Alcohol in Men vs. Women
As I discussed in a previous article, alcohol has an affinity for water. This means that alcohol is attracted to body tissues and organs that have a high water content. Once the alcohol moves from the stomach into the blood, it will be distributed throughout the various body tissues and organs by the blood in proportion to their water contents, and deposited in those tissues and organs by the blood. Brain tissue and muscle have a high water content, so the brain and muscle receive a substantial share of the distributed alcohol. On the other hand, fat tissue contains very little water so very little alcohol will be deposited in the drinker's body fat.
The affinity of alcohol for water, and its lack of affinity for fat, helps explain an important difference in the way alcohol affects women and men. Pound for pound,
the typical female's body contains less water than does the typical male's. This is because males generally have more muscle mass than do females. Also, females generally have more fatty tissue, designed in part to protect a child in the womb. The typical male body is about 68% water, and the typical female only about 55%. Thus, when a woman drinks alcohol, she has less water -- pound for pound -- in which to distribute the alcohol. Thus, if a woman and a man who weighed exactly the same drank exactly the same amount of alcohol under the same circumstances, the woman’s blood alcohol concentration (BAC) would climb higher than his. This is because more of the alcohol will remain in the woman’s blood stream than in the man’s blood stream, because more of the alcohol would leave the man’s blood stream and be deposited in the muscle tissues.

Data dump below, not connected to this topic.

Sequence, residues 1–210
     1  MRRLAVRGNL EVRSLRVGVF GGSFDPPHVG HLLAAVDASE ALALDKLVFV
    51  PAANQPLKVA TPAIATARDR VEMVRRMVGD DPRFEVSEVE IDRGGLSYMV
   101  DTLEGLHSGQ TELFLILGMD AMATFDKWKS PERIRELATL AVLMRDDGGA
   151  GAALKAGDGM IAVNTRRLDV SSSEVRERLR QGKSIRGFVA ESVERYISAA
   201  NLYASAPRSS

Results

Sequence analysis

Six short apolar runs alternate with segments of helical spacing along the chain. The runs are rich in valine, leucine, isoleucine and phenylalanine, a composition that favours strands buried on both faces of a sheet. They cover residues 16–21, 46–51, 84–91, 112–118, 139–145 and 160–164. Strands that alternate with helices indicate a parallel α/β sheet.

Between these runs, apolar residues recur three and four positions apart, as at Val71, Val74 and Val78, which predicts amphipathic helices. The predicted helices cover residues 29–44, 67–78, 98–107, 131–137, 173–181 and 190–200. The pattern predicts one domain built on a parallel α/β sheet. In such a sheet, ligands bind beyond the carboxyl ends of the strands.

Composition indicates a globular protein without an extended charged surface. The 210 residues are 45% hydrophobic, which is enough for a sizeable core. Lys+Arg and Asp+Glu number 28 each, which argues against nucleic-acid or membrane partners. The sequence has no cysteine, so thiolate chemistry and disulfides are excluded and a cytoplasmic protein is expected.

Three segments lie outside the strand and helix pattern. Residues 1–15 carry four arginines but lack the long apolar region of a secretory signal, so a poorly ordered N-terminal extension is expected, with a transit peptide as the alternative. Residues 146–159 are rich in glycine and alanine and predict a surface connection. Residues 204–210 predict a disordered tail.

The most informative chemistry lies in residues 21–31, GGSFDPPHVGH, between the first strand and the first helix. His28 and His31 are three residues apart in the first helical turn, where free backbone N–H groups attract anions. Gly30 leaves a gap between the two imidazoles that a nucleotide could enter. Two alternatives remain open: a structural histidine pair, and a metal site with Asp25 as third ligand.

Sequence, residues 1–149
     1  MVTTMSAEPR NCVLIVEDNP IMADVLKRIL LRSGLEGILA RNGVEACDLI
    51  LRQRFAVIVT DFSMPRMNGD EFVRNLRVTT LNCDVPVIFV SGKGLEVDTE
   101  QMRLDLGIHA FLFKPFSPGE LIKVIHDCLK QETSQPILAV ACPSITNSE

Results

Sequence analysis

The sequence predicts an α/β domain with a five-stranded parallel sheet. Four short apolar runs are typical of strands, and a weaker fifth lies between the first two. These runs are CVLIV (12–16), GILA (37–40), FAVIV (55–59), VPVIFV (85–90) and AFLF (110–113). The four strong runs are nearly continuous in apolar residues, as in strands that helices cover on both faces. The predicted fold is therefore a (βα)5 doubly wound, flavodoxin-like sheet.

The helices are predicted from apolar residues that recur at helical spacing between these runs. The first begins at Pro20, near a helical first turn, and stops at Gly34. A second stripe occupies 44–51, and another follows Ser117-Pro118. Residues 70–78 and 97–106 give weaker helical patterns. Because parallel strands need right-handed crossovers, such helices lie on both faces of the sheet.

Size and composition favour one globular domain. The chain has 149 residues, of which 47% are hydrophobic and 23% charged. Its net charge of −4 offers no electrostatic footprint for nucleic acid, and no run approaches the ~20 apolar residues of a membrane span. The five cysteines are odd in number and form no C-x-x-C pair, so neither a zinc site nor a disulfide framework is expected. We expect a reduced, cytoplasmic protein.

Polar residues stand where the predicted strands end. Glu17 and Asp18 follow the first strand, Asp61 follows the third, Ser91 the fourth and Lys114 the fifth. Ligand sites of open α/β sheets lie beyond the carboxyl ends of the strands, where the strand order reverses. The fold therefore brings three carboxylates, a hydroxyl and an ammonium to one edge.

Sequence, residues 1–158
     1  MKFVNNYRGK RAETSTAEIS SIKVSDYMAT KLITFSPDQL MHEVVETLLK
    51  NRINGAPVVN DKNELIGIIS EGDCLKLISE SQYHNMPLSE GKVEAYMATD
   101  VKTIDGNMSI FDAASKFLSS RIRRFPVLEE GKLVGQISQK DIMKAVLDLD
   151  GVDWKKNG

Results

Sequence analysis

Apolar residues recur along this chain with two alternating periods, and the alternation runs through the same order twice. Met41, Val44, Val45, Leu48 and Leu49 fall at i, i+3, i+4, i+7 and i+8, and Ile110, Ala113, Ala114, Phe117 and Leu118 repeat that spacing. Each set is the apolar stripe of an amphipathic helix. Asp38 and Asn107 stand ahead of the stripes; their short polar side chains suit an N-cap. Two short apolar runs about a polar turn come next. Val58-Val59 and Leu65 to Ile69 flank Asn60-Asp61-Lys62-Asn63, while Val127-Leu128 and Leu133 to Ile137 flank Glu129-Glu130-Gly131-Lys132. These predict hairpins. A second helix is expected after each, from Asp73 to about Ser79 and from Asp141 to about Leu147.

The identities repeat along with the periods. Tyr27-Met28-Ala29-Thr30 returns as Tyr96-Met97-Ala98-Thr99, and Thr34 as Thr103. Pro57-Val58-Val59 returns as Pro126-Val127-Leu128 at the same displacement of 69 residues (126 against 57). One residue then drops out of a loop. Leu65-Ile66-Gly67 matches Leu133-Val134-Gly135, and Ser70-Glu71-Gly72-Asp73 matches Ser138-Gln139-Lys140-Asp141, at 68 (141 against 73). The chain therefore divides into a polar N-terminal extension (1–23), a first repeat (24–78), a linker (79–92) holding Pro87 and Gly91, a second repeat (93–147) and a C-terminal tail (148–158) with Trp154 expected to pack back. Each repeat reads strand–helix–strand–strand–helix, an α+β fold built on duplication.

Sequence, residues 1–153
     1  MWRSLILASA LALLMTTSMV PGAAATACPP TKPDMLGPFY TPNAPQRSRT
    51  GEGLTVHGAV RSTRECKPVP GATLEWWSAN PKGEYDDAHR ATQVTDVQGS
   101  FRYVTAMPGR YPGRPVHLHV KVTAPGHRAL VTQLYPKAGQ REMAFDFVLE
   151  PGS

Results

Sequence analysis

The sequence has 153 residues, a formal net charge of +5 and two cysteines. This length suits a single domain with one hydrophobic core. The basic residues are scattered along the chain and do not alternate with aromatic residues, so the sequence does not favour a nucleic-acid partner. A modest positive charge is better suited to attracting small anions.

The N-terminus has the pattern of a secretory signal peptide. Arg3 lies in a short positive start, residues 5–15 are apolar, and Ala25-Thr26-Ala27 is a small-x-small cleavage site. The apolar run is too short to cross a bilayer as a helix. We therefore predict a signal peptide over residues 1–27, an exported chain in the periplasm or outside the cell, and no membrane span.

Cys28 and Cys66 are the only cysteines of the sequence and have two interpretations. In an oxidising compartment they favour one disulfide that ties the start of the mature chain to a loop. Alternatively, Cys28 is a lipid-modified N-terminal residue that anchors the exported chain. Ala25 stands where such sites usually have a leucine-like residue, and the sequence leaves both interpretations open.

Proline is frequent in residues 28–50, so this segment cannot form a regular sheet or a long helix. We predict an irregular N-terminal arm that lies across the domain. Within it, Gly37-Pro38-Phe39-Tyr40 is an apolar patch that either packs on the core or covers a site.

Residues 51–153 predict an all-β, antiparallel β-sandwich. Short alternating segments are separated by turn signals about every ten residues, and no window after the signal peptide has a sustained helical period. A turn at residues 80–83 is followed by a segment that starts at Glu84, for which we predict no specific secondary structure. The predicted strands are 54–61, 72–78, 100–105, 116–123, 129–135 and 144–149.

When we couple this to the fact that the average woman is smaller than the average man, it becomes apparent that a given amount of alcohol will cause a higher BAC in a woman than it usually will in a man. This explains why the average female will usually become intoxicated sooner than the average male, assuming they drink the same amount of alcohol (remember these are averages). This is because since more of the alcohol remain in the blood stream, more alcohol gets to the brain. In the man, alcohol leaves the blood stream and is deposited in muscle mass, thus less alcohol gets to the brain.
Thus from a practical perspective, when consuming alcohol, women should consider the fact that they will achieve a higher BAC than will a man, drinking the same alcohol beverages.
For example, consider “Jack,” who weighs 170 lbs., drinking five Corona beers (4.84 alcohol concentration) on an empty stomach. He starts drinking at 9:00 p.m. and takes his last drink at 12:00 midnight, thus consuming the beers over three hours. Jack’s BAC would peak at around 12:30 a.m. at 0.069% (+/- 0.027%). Now consider Jill, also weighs 170 lbs., drinking the same five Corona beers on an empty stomach. She also starts drinking at 9:00 p.m. and takes her last drink at 12:00 midnight, consuming the beers over three hours. Jill’s BAC would peak at about 12:30 p.m. at 0.081% (+/- 0.033%).
In this example, the amount of alcohol consumed was the same – five Corona beers. The circumstances surrounding the drinking were also the same – both Jack and Jill each weighed170 lbs, both drank on empty stomachs (no food), and both consumed the five beers spread over the same three hour period. Yet at 12:30 a.m., Jack’s blood alcohol concentration (BAC) would peak at .069% and Jill’s BAC would peak at about .081%. (The above conclusions are based on average absorption and elimination rates). Keep in mind that every human being, male and female, may have different absorption and elimination rates at any given time.
In this specific situation, it would be unlawful for Jill to drive a motor vehicle at 12:30 a.m. because her BAC at that time is “0.080% or more at the time of driving.” Considering that Jack’s BAC peaked at 0.069% at 12:30 a.m., he would never have reached 0.080% under this specific scenario and could drive legally assuming he is not impaired by the alcohol (under the influence).
In the next part of this article, I will discuss how alcohol is eliminated from the body. Stay tuned… and until then, be safe.